At the same time women are portrayed as prostitutes and villains, male athletes are positioned through racially inflected codes that build on the trope of the compulsive, reckless, and absent inseminating black male repopularized through Reagan’s familial politics and the war on drugs. In a shift back to the positioning of the male athlete as necessarily hypersexual, Wilson (1991) continues:
I’m not suggesting for one millisecond that athletes are the only people who take potentially deadly risks. . . . But no group of men, with the exception of high-profile rock musicians, goes through life being as sexually tempted and as frequently as professional athletes . . . Not only is it not “easy” to say no, it’s almost impossible. To abstain, we’re talking about a level of self-control that I certainly, for one, would not have under similar circumstances. (D-3)
As I discuss earlier, the discursive construction of heterosexual-AIDS remains destabilized but heterosexuality is stabilized through its articulation of family values and the body which produces a pure-heterosexual whose risk is determined by having sex outside the “home.” Little attention is given to safer sex practices without appealing to and supporting abstinence; instead the narrative draws on the repetitive policing of desire: It is “multiple partners (who) put you at risk” (Cannon and Cotton 1991: A-14). Once again act is conflated with identity-it is multiple partners rather than unprotected sex with someone infected with HIV that presents risk. Just say no.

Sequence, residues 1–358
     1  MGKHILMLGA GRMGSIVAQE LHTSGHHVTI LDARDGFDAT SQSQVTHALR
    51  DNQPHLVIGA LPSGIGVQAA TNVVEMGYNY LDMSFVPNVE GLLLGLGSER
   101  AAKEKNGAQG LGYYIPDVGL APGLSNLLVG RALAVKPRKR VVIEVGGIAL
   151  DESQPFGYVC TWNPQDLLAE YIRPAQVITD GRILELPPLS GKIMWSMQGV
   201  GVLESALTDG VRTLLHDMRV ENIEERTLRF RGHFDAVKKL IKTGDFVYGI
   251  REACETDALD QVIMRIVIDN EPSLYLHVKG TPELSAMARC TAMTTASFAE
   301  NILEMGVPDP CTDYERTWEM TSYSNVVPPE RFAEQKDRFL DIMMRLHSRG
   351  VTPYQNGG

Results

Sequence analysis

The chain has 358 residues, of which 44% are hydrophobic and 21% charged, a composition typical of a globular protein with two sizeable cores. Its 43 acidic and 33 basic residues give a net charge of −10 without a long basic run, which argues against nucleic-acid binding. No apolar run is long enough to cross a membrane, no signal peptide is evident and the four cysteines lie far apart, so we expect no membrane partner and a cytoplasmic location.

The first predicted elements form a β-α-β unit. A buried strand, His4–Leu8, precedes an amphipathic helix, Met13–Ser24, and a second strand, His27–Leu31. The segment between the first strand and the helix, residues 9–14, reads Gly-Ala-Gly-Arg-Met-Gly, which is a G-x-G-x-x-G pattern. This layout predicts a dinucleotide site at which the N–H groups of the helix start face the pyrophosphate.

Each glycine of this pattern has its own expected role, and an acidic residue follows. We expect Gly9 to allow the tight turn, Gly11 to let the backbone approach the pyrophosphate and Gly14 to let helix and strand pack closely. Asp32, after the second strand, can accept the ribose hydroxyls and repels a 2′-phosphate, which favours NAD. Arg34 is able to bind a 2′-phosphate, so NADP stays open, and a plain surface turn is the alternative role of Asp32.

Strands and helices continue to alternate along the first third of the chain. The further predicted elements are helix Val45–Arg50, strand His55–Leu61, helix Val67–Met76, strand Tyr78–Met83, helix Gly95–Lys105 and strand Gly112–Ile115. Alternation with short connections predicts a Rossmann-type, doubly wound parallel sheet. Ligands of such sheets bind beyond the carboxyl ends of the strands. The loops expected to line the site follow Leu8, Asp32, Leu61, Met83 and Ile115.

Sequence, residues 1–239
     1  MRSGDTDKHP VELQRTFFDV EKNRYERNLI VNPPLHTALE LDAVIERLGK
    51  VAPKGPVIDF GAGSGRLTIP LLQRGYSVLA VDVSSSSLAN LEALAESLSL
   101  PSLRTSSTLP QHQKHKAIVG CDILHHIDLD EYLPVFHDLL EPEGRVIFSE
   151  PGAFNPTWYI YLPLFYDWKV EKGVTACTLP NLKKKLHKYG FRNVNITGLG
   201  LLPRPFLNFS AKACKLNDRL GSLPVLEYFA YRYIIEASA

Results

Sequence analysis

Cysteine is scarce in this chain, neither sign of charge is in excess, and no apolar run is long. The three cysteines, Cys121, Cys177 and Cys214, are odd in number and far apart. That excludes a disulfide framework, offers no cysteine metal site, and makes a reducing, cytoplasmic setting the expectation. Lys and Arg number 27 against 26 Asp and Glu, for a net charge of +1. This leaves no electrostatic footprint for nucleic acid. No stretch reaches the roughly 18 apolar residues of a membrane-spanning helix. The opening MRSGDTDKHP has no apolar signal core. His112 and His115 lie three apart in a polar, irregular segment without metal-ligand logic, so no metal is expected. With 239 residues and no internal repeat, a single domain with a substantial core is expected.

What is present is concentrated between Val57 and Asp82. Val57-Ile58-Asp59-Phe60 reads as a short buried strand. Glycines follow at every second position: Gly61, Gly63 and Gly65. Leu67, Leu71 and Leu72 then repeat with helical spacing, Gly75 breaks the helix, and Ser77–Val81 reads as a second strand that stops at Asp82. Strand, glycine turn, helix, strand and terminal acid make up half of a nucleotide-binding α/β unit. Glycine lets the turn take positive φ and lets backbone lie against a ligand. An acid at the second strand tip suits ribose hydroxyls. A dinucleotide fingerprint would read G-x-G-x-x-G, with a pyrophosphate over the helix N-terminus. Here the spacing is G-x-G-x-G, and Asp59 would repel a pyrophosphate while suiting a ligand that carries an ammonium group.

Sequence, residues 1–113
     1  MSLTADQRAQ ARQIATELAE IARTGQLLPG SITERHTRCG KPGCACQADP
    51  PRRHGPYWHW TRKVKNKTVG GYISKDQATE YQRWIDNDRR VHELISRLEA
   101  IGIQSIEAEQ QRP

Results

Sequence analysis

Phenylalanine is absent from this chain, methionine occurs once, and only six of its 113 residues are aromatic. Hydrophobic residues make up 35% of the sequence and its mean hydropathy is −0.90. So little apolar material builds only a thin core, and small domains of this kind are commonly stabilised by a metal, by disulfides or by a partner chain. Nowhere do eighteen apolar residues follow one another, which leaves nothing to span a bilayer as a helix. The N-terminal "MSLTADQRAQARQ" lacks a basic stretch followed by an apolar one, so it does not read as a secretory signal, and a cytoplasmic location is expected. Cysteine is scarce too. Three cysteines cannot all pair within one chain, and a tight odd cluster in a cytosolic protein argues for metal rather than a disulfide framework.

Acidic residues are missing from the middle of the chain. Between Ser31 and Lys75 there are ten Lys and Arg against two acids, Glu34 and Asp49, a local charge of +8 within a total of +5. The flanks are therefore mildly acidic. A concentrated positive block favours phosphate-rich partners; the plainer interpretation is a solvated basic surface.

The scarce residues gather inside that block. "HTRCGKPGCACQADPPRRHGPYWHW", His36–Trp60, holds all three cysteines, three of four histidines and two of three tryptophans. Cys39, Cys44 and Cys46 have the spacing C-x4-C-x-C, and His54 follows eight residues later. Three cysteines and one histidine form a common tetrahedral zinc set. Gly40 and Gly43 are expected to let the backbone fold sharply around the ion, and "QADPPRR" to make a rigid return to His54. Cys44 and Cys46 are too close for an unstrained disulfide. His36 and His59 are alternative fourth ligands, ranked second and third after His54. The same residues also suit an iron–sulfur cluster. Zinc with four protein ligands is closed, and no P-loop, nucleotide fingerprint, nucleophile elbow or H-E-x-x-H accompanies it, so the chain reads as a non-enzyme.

The opening segment of ESPN’s edition of “Outside the Lines: Men and Women, Sex and Sports,” outlines the conflicts and questions that frame the narrative that transforms Johnson’s seropositivity into an optic that allows “us” to see racially coded transgressions: “Do some athletes live dangerous sexual lives?” (here we see the image of a remorseful Magic Johnson, wiping a tear from his cheek). “Do they feel entitled to grab whatever they can?” (cut to a police-escorted, hand-cuffed Mike Tyson-followed by a soundbite from Nigel Clay, former Oklahoma football player convicted of rape). “From the earliest there can be unreality in an athlete’s life (cut to white basketball player, Daemon Bailey [sic], surrounded by the press and fans). “Later a barrage of material pleasure and privilege” (cut to a close-up of post-gambling scandal, Michael Jordan in dark glasses, sitting in what we are to assume is a high-priced car) . . . “Have athletes changed their behavior since the shocking announcement that Magic Johnson has the AIDS virus?” And, we are told by Bob Ley, the host of the report, that “[t]he game’s people play extend beyond the playing fields,” after which he asks, “at what costs is pleasure indulged without consequence?”